Quite often, Wall Street's regulatory settlements leave me feeling ambivalent. Or, as I joke, I wind up with three hands -- on the one hand, on the other hand, and then on the other, other hand. All of which means that you see where the regulator had a point in sanctioning the Respondent, however, also, you think that the sanctions may have been a bit over the top, however, after thinking it all over, you're not so sure why the regulator bothered but you also never quite understand just what the hell the Respondent was thinking. A recent FINRA AWC settlement left me feeling ambivalent with all three -- maybe even four -- of my hands.
After receiving the other side's last-best-settlement-offer, a client says "no;" and then he tells his lawyer that he will fight on as a "matter of principle." Having heard that line before, the client's lawyer responds with the warning that "principle comes with interest." The client doesn't quite get the joke. Of course once you have to explain why something's funny, it isn't funny anymore. Speaking of something not be funny anymore, read about a recent FINRA arbitration in which a stockbroker declined to indemnify his former brokerage firm for a customer settlement. You got principle. You got a whopping amount of interest.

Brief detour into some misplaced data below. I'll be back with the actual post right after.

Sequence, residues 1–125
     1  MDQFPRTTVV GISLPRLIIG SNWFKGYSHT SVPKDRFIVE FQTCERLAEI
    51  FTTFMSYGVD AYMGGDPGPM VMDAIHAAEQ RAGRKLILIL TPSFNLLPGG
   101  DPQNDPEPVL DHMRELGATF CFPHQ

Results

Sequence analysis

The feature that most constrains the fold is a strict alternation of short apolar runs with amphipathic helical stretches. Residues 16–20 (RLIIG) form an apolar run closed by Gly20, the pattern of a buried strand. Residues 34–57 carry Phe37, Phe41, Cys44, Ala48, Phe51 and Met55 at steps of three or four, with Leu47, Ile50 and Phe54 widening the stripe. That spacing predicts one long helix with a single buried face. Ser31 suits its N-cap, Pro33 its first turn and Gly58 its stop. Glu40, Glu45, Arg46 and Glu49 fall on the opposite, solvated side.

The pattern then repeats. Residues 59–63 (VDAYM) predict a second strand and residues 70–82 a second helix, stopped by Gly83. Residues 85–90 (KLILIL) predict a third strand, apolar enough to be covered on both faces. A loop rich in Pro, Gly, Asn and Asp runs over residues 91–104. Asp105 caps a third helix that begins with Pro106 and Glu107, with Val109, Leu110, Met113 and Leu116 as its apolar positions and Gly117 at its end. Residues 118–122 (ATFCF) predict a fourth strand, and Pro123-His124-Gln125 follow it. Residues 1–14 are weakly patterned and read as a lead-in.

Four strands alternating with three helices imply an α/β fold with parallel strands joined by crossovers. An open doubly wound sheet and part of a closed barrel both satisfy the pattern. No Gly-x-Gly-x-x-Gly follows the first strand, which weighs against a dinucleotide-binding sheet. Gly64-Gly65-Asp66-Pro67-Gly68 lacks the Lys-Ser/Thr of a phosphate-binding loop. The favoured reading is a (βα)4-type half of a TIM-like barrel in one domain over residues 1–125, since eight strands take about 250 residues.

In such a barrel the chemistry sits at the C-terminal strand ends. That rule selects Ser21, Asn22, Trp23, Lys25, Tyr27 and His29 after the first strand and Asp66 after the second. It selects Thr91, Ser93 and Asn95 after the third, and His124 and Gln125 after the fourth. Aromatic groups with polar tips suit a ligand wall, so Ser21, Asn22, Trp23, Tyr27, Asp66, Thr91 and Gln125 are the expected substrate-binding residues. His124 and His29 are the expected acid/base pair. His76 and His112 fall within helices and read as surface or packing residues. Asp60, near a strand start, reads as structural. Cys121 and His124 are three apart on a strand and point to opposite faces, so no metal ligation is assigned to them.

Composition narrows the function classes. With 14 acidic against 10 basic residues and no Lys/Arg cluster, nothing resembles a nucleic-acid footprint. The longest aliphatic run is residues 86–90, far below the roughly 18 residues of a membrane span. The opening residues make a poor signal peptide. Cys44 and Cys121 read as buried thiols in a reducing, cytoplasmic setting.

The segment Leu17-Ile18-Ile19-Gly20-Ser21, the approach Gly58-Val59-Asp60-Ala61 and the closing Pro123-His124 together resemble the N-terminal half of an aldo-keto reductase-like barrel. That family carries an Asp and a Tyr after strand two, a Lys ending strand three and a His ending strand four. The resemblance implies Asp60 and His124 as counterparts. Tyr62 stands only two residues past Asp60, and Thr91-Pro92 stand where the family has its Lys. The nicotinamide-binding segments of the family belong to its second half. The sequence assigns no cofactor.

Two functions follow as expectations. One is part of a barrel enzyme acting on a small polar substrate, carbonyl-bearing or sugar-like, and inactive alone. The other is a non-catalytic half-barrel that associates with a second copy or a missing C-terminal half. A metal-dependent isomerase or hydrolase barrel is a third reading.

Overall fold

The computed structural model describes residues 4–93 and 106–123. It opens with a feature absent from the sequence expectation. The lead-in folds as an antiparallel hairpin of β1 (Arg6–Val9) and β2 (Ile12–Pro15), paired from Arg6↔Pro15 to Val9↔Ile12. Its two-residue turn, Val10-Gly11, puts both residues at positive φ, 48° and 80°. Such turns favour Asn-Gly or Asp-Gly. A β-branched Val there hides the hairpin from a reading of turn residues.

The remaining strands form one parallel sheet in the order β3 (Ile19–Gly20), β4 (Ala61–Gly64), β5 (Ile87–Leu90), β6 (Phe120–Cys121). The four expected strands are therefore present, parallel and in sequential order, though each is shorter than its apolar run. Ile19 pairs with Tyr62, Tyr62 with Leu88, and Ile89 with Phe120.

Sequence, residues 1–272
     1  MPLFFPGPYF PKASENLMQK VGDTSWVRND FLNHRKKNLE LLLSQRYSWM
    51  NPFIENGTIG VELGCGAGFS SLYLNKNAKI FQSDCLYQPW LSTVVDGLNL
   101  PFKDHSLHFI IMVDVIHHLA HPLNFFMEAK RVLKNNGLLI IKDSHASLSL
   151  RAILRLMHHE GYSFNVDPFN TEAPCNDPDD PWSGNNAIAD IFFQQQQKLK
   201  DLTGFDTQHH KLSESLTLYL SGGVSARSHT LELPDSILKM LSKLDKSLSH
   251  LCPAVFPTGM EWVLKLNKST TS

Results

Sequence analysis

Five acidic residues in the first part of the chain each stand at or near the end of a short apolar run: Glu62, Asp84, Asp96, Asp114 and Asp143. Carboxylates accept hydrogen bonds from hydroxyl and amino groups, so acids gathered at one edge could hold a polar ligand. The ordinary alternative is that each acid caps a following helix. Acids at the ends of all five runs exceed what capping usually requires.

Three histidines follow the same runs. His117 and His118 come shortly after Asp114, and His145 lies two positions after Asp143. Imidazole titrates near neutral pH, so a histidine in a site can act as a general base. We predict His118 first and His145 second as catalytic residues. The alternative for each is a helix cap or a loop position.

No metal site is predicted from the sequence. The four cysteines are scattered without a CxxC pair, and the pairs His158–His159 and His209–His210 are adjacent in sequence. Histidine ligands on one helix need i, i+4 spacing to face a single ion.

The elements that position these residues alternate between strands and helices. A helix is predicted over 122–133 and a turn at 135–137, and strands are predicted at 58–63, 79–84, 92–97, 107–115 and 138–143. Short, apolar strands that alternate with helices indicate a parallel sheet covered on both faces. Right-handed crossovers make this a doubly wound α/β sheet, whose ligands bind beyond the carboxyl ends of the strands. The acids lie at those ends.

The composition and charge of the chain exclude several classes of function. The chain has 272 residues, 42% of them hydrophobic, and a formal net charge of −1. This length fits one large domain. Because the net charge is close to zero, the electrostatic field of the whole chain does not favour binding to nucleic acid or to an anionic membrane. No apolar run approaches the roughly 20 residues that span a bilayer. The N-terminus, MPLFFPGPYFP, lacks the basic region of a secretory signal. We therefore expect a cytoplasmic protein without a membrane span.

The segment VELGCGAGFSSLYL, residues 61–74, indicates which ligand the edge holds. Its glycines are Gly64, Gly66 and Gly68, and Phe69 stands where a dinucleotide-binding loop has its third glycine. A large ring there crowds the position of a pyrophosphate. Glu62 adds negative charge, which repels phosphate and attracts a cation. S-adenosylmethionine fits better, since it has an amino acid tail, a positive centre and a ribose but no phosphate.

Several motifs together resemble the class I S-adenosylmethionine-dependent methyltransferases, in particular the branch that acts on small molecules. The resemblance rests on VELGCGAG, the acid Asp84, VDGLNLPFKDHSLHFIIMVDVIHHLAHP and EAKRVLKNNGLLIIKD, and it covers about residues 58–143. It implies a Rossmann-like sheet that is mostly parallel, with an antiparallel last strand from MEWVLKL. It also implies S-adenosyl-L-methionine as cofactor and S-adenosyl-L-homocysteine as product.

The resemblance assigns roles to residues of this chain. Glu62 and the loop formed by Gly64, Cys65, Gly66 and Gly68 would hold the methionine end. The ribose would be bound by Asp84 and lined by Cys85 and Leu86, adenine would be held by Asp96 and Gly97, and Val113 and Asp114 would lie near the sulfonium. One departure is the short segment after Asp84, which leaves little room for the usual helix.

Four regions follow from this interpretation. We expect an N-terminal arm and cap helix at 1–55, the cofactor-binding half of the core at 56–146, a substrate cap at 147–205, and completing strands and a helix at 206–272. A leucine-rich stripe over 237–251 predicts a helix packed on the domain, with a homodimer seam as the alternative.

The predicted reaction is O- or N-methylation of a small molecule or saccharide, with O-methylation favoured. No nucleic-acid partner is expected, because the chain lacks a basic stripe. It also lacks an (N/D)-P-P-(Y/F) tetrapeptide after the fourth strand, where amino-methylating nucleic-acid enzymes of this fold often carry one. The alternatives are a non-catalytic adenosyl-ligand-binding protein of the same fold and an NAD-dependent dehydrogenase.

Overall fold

What follows is yet another bit of indulgence by those at the SEC who have serious things to do but, instead, find time to give speeches, attend seminars, make podcasts, film videos, and do all sorts of stuff that doesn't quite advance Wall Street reform, doesn't quite protect vulnerable investors, and doesn't quite pursue the scamsters and fraudsters. For several years there has been a clamor to implement some form of crypto regulation. Even if only first-stage in design and with the full intent to adapt on the run. Something, anything might have protected those now devastated by the FTX debacle. Instead, we got nothing. We got regulatory turf wars. We got petulance and inaction.
When a government prosecutes criminal misconduct, the Defendant is protected by constitutional and due process rights. When a non-governmental actor like FINRA pursues industry misconduct, however, a Respondent is often deprived of constitutional and due process rights. That distinction explains why courts generally allow for the imposition of penalties in criminal cases but only the imposition of sanctions in civil and regulatory cases. All of which explains why alarms go off when FINRA imposes what it calls a sanction but what others might view as a penalty, as demonstrated in a recent FINRA regulatory settlement.